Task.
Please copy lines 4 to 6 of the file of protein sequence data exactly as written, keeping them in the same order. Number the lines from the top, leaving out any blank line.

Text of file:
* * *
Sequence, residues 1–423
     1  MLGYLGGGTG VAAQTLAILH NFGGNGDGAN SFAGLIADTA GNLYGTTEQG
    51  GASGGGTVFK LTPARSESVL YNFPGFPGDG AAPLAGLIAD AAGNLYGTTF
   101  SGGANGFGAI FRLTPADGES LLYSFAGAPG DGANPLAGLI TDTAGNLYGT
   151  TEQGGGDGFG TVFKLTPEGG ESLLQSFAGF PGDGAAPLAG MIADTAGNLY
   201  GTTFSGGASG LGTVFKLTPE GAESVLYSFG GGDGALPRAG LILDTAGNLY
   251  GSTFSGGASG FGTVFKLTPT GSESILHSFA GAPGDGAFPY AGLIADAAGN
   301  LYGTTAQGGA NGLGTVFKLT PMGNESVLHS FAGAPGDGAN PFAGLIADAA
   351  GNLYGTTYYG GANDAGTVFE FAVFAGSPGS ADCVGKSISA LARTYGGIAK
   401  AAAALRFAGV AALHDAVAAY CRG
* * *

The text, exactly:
   101  SGGANGFGAI FRLTPADGES LLYSFAGAPG DGANPLAGLI TDTAGNLYGT
   151  TEQGGGDGFG TVFKLTPEGG ESLLQSFAGF PGDGAAPLAG MIADTAGNLY
   201  GTTFSGGASG LGTVFKLTPE GAESVLYSFG GGDGALPRAG LILDTAGNLY